The war on conservatives and traditional values has expanded to a new and threatening front.
Commercial banks, which should be narrowly focused on the business of protecting your money and providing credit, have instead entered the cultural wars. Banks have turned to blacklisting and banning individuals and businesses that don’t align or agree with the prevailing consensus of liberal social and political narratives.
This weaponization of the banking system against conservative voices is extremely dangerous. In today’s world, if one does not have access to banking and electronic payments, one simply does not exist.
The most recent high-profile case involves Nigel Farage, the conservative UK politician and former leader of the Brexit Party. Farage’s bank, Coutts, a subsidiary of NatWest Bank, told Farage earlier this summer that the bank was terminating his accounts. Coutts provided no explanation. False rumors were planted in the UK press (with the BBC in particular) that the rationale was commercial (i.e., that Farage didn’t hold enough money with the bank). Farage obtained access to internal documents of Coutts showing that the bank had made the decision because of Farage’s political views, including support of Brexit, challenging the western narrative of the Russia-Ukraine conflict, and for ideological proximity to former U.S. President Donald J. Trump. All this became public just a few days ago. The bank’s CEO has publicly apologized to Farage, as has the BBC, and a parliamentary investigation has begun.
In early 2022, amidst peaceful protects by truck drivers and other workers against vaccine mandates, the Canadian government pressed the big four Canadian banks to freeze the accounts of protestors and supporters. The banks also froze the accounts of third-party organizations who were raising funding for the drivers and their families.
In 2021, JPMorgan Chase sought to cancel retired General and former National Security Advisor Michael Flynn’s and his wife’s credit card accounts over “reputational” issues. The bank reversed course a few days later when the situation became public.
In May of this year, attorneys general from 19 states sent an open letter to Jamie Dimon, JPMorgan Chase’s CEO, accusing the bank of discrimination. The letter states, “It is clear that JPMorgan Chase … has persistently discriminated against certain customers due to their religious or political affiliation.” The attorneys general sited multiple examples where JPMorgan Chase had unjustly targeted for closure accounts of organizations that support religious freedom, pro-life advocacy, or conservative political or religious values.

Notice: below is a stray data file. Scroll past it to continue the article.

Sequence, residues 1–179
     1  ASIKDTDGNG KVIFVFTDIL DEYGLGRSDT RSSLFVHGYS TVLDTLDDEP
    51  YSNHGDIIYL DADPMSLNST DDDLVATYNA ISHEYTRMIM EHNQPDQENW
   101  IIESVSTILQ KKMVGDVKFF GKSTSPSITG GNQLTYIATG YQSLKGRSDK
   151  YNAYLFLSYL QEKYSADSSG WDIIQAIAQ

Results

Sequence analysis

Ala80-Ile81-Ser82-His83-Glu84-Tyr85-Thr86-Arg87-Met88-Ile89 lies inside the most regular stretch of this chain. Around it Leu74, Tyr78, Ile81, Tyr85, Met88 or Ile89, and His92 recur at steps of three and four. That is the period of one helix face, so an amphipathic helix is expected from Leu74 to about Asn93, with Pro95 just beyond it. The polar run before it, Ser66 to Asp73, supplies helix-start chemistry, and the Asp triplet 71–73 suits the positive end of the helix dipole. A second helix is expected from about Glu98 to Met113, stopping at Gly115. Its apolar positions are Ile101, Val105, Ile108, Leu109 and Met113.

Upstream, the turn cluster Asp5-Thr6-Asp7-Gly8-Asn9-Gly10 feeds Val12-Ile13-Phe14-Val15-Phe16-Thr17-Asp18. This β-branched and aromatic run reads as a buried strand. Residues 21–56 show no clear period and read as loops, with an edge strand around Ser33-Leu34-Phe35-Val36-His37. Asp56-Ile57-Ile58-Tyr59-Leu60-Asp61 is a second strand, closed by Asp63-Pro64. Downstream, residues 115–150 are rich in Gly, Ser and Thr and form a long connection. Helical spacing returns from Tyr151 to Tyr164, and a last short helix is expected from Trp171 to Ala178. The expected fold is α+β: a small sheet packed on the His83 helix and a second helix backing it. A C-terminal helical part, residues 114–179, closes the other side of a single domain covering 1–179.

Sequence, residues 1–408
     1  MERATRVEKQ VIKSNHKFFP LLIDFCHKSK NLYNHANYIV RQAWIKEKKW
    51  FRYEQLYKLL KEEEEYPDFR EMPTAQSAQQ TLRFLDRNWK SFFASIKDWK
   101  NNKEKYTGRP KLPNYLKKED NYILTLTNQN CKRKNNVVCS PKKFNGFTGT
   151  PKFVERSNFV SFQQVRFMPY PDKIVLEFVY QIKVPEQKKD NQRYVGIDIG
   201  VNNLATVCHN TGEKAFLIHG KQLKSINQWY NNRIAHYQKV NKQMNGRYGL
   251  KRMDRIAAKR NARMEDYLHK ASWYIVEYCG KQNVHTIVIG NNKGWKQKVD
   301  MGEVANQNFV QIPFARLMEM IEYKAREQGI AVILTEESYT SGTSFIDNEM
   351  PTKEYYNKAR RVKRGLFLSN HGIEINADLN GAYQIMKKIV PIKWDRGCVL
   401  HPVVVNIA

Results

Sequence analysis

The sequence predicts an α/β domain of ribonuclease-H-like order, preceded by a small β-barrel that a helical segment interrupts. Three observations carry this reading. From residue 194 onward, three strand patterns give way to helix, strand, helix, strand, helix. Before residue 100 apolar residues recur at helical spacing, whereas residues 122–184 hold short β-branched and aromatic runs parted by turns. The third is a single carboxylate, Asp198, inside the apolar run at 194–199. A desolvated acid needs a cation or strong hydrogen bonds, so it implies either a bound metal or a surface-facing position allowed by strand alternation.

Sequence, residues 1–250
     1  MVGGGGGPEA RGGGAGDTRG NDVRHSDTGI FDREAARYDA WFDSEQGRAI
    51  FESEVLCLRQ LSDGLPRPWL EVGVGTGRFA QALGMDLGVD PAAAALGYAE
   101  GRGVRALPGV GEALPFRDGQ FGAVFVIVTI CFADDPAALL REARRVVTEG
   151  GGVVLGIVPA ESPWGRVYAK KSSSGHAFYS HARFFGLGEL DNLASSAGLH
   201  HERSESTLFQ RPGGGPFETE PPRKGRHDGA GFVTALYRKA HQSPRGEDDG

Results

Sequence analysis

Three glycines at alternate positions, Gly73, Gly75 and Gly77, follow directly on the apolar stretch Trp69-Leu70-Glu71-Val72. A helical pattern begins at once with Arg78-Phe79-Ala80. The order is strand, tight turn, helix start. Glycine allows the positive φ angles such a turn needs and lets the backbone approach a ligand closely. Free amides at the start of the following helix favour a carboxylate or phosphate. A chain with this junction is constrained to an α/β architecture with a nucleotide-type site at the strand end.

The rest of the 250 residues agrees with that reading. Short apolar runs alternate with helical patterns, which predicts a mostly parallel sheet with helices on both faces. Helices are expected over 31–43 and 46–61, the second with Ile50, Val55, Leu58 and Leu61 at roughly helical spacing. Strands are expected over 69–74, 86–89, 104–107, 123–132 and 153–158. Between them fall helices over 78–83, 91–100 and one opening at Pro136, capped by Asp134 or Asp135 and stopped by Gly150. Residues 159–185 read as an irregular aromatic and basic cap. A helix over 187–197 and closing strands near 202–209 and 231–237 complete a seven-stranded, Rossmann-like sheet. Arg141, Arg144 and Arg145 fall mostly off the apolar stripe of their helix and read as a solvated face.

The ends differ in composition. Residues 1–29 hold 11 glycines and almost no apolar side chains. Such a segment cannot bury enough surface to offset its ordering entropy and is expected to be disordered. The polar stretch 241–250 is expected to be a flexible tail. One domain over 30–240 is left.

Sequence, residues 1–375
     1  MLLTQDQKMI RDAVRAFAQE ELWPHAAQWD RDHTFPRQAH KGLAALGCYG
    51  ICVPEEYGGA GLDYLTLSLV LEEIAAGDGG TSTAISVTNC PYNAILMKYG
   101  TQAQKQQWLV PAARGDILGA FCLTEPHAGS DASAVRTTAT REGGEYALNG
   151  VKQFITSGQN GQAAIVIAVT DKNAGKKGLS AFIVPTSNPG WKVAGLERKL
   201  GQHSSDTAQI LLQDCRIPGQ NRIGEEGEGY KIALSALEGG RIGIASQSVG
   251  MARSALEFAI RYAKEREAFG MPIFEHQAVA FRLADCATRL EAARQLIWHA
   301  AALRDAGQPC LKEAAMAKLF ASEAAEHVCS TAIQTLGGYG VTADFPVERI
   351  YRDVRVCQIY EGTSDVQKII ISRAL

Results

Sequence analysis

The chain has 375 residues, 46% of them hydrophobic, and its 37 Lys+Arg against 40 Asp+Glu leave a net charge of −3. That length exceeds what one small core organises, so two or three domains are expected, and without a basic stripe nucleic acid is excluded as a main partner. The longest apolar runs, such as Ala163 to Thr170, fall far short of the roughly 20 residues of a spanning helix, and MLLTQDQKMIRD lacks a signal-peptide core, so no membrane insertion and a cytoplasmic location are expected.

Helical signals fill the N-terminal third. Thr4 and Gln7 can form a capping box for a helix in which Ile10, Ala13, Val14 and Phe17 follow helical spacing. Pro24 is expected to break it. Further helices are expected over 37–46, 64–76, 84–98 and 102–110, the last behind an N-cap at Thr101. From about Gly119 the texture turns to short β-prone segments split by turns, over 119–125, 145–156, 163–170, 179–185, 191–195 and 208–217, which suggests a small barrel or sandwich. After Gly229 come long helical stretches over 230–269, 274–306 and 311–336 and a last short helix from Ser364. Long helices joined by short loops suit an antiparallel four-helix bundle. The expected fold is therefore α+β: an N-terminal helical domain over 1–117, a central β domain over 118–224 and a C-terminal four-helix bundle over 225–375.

JPMorgan Chase certainly isn’t alone in this type of discrimination. However, the “too-big-to-fail” banks including JPM, Citigroup, Bank of America, and Wells Fargo, which collectively control most of the nation’s deposits, also seem to be the most aggressive in winnowing out conservative ideologies. But it’s not just the banks. Payment companies, such as credit card providers, merchant acquirors, and peer-to-peer transfer services, such as PayPal, Stripe and Square, to name a few—all essential elements of modern financial plumbing—have exhibited similar behavior.
This “de-banking” is a prelude to totalitarianism. When individuals and organizations can be cut off from the banking and payments system, they are rendered completely powerless to continue advocating for and financially supporting their beliefs. This, of course, is the entire point.
It is a dangerous illusion to believe that this sort of thing only happens to high profile, politically exposed persons like Farage or Flynn. The Canadian truckers illustrate how quickly and easily it can happen to rank and file citizens who dare to challenge their government’s policies. The reality is that ordinary individuals have their accounts canceled all the time; it happens quietly, anonymously, and without means of redress. The big banks have enormous power over their customers.
Every citizen should take appropriate steps to protect themselves. Do it now, before it’s too late.
Some of the alternatives may be easier than others. But think about the following basic ideas.
Align: Consider moving your banking relationships to smaller banks that have publicly affirmed their commitment to non-discrimination, including on political and religious grounds. Diversify: If possible, maintain accounts with more than one bank. Learn: Understand how “bankless” cryptocurrencies such as Bitcoin and Ethereum may play a role in your financial freedom. Understand the dangers of government issued and controlled CBDCs (central bank digital currencies). Prepare: Have stores of value, such as cash or small denomination gold and silver coins, outside of the banking system in case of emergency need.
To learn more on this subject, read my article The Coordinated Attack on Your Money, published in The Epoch Times earlier this year.
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